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Comment Re:EFI? (Score 2, Interesting) 207

Coreboot by itself is initialization firmware only. That means, it doesn't provide any callable interfaces to the operating system or its loader. So you cannot ask coreboot to load a block from disk. That's were BIOS, OpenFirmware and (U)EFI come into play to fill the gap. They don't define the firmware, but its interface.

I haven't read the article, but I'm quite sure that they're using SeaBIOS - running on top of coreboot - to boot Windows. In this setup, coreboot performs hardware initialization and SeaBIOS provides the required BIOS routines for Windows to boot.

So why not (U)EFI, you ask? Well, it just takes someone to place an EFI implementation on top of coreboot. I think GnuFI used to be able to run off coreboot, but I think the project is dead. TianoCore is probably a better option. Actually, I know that TianoCore is the better option and that it can be done, but certain legal obligations prevent me from porting TianoCore to coreboot at the moment.

Comment Re:CVSup (Score 1) 120

I don't have any experience with Subversion, so I don't know if this is going to be "better" or not -- but will CVSup still work more or less the same once the migration is complete?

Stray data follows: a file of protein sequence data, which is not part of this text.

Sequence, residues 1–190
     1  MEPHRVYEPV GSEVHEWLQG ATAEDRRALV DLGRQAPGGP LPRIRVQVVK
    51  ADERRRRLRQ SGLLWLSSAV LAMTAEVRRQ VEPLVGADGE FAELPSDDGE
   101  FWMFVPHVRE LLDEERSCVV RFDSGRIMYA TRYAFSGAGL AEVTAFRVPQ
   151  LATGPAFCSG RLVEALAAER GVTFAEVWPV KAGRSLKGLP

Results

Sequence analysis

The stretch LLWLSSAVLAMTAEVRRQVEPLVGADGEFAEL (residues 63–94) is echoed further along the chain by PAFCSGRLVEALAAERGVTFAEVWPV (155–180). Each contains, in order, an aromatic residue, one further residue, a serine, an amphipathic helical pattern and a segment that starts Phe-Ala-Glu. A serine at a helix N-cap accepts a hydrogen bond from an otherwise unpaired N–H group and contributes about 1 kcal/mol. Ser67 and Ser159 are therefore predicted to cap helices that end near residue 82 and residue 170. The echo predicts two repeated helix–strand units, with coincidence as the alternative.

Yes. For now, they're automatically pushing all SVN commits into CVS. That way, the old CVS distribution infrastructure will continue to work. An insightful email from the guy doing the conversion can be found here.

Submission + - Ray tracing for gaming explored (pcper.com) 3

Vigile writes: "Ray tracing is still thought of as the 'holy grail' for real-time imagery but because of the intense amount of calculations required it has been plagued with long frame render times. This might soon change, at least according to an article from Daniel Pohl, a researcher at Intel. With upcoming many-core processors like Intel's Larrabee he believes that real-time ray tracing for games is much closer than originally thought thanks in large part to the efficiency it allows with spatial partitioning and reflections when compared to current rasterization techniques. Titles like Valve's Portal are analyzed to see how they could benefit from ray tracing technology and the article on PC Perspective concludes with the difficulties combing the two rendering techniques as well as a video of the technology in action."

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